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OSR2 ... Free!

You may have heard about the latest version of Windows-9.50b, or the "OSR2 release." It's packed with file updates, utilities and other enhancements. You can't buy it in stores unless you buy a new computer to go with it, but you can get most of the updates free. You'll find them at the Win95 Free Software page (http://www.winmag.com/win95/software.htm)

Change Your Name

When you install Windows 95, it asks for your name. From that point on, the computer recognizes the entered name as the official registered owner. Here's how to change it: Launch the Registry Editor. Drill down to and click on HKEY_LOCAL_MACHINE\SOFTWARE\Microsoft\Windows\Current Version. In the right pane, find the RegisteredOwner entry and double-click on it. In the Value Data box of the Edit String dialog that pops up, change the name to whatever you wish and click on the OK button. To change the company name, repeat the procedure for the RegisteredOrganization entry.

George M. D'Auria

Faster than E-Mail

Need to set up a convenient routing system for documents within your small workgroup? Each person in the workgroup should do the following: First, create a folder on the Desktop and label it "In." Then right-click on the In folder; select Properties and then the Sharing tab. Click on the Shared As radio button and put your own name in the Share Name box. Click on the Full Access type button, and then click OK. After all in the group have completed these steps, open Network Neighborhood, find all the shared In folders and create shortcuts to each of them in your C:\WINDOWS\SENDTO folder. (Use the right mouse button to drag and drop them from Network Neighborhood and select Create Shortcut Here from the Context menu.) Whenever you want to send a document to a workgroup member, just right-click on it, then select Send To and the person's name.

Adrian Scott

Mouseless Moves

You can move or resize open Windows applications by using only your keyboard. First, press Alt+Spacebar to bring up a menu. Press S, then use the arrow keys to resize the window. Press M and move the window using the arrow keys. Press Enter to keep the window change or Esc to return the window to its previous state.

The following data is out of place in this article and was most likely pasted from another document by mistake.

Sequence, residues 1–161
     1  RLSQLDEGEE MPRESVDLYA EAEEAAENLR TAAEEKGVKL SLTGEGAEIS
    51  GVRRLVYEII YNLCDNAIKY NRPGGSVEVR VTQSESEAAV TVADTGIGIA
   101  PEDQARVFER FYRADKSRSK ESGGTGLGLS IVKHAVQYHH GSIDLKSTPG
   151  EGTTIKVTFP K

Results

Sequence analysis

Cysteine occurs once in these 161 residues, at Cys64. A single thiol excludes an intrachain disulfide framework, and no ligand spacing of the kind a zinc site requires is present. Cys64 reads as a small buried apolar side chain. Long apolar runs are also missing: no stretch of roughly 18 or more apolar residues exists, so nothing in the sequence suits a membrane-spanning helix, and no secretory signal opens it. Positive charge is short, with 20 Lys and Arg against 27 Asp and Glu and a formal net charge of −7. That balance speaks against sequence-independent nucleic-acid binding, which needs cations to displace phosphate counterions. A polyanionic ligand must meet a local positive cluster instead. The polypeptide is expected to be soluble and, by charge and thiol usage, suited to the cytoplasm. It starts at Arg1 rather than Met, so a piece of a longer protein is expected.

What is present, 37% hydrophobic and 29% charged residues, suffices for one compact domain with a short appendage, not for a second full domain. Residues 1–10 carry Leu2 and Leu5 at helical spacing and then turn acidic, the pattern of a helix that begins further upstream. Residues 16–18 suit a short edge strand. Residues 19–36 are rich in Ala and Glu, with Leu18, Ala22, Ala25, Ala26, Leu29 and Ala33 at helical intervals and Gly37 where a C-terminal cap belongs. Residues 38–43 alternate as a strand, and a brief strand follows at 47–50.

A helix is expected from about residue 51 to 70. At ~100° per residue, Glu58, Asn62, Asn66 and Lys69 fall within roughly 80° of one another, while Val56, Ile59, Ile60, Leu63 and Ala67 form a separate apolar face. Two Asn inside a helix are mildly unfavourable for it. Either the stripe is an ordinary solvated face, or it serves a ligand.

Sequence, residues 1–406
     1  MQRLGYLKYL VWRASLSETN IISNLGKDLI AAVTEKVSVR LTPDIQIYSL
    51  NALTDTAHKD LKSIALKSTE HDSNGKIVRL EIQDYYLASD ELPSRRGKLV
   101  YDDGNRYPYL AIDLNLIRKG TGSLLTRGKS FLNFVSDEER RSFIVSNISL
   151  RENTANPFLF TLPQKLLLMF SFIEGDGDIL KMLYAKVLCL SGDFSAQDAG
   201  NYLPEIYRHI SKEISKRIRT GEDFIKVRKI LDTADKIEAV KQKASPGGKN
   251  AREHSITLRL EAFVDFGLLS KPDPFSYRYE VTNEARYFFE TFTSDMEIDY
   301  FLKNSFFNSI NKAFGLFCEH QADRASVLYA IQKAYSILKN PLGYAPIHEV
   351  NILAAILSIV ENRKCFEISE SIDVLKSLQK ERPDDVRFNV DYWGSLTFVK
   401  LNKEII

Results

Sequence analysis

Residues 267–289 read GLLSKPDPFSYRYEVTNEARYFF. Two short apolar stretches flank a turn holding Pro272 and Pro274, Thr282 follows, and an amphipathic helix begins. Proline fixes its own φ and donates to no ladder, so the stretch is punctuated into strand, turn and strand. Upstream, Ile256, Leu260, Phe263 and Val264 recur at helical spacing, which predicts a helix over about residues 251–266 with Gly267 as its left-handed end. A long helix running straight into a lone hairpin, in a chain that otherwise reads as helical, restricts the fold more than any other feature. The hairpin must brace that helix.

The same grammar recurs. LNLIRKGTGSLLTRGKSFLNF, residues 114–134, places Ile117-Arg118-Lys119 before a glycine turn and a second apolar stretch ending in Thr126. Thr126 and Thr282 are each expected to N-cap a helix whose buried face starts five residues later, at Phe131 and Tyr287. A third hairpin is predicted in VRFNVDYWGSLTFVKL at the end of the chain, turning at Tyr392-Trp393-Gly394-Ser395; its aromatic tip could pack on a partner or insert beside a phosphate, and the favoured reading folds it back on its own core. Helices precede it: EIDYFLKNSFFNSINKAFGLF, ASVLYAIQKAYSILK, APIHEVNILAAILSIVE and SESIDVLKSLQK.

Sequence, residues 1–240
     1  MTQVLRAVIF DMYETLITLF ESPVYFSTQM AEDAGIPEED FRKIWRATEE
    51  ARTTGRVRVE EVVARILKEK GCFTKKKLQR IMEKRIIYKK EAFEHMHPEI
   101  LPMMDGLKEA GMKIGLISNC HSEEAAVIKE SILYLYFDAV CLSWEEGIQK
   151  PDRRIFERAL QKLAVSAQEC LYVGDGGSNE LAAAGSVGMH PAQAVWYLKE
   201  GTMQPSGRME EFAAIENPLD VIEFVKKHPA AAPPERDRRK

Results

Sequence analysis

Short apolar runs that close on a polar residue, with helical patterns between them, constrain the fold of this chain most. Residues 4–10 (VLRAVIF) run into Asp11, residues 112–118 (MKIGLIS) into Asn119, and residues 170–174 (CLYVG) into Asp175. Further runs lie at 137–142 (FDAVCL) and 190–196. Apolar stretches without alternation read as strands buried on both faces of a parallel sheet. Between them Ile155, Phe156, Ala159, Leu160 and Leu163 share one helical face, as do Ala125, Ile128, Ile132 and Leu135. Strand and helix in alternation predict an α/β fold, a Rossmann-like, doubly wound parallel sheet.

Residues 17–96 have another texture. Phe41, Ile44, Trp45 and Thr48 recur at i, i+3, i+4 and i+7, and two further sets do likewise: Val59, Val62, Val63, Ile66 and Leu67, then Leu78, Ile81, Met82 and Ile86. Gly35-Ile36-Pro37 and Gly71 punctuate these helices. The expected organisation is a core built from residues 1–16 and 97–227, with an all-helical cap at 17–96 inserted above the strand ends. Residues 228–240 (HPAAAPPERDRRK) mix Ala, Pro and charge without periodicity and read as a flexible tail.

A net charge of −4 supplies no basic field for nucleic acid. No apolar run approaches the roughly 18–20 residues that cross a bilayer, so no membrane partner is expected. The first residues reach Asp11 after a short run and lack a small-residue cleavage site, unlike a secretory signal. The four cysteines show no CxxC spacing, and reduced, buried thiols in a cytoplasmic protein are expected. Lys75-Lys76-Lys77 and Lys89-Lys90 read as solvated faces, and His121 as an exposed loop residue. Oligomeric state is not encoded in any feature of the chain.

Sort Your Recycling

The Recycle Bin lets you view items you've tossed in the same way as an ordinary Windows folder. If you're looking for something in the Recycle Bin, select Details from the View menu and click on the bar of your choice (Name, Original Location, Date Deleted, Type or Size) to sort by that category.

For That 'UNIX Look'

Here's how to make the most efficient use of space in Windows: Right-click on the Desktop, select Properties and then the Appearance tab. Put each listed item at the given setting: Active Title Bar-16, Active Window Border-0, Caption Buttons-16, Inactive Title Bar-16, Inactive Window Border-0, Menu-15, Scrollbar-8 and Selected Items-15. If you really crave your space, set your icons to 16!

Minimize All Windows-Fast

Press Ctrl+Esc, followed by Alt+M, and all open windows will be instantly minimized.

Fast as a Server

Gabe Cheek's tip about changing the role of a network computer to a server (see WinTips, May) works if you have version 9.50b of Windows 95 (otherwise known as the OSR2 release). If you have any earlier version, a bug prevents the tip from working. You can fix it, though, by manually editing the Registry (note that this tip is for advanced users with full system backups). Open the following Registry key: HKEY_LOCAL_MACHINE\SOFTWARE\Microsoft\Windows\Current Version\FSTemplates\Server\. Now edit the Contents pane entries to read:

Name: NameCache Data: a9 0a 00 00

Name: PathCache Data: 40 00 00 00

Dennis McKay

Editor's Note: Here's a replay of Gabe's tip.

Fast Cache

Right-click on My Computer, select Properties, then click

on the Performance

tab and the File System button. In the box next to "Typical role of this machine," select Network Server and turn the Read-Ahead Optimization indicator all the way up to improve disk performance.

More Info On MS-Info

In our May issue, we mentioned a neat utility called MS-Info, which tells you all kinds of information about your system. The tip contained an error: The file comes not with

Windows but with many Microsoft applications, including Office and Works.

A Data Doggie Bag

Whenever you copy text or graphics using Ctrl+C or another method, the data goes into your Windows Clipboard until the next time you copy something, at which time it's blasted into the ether. If you'd like to hang on to the contents of your Clipboard, simply launch the Clipboard Viewer applet, select Save As from the File menu and name the file. Next time you want the data, launch the Clipboard Viewer, select Open, then find and double-click on the file you saved. Once it's in the Clipboard, you can paste away. If you don't have the Clipboard Viewer installed on your system, install it from the Add/Remove Programs Control Panel item. Warning: A saved Clipboard file (CLP extension) is humongous, because the data is saved in multiple formats.

Speedier CD

You can speed up your CD-ROM by telling Windows the drive is more capable than it really is. Right-click on My Computer and select Properties. Click on the Performance tab, the File System button and then the CD-ROM tab. Move the Supplemental Cache Size sliding bar all the way to the right (toward Large) and select "Quad-speed or higher" from the "Optimize access pattern for" drop-down menu, regardless of your particular drive's speed. This tells Windows to create a larger cache for your CD, so it will run faster.

Dennis McKay

Windows Magazine, July 1997, page 100.

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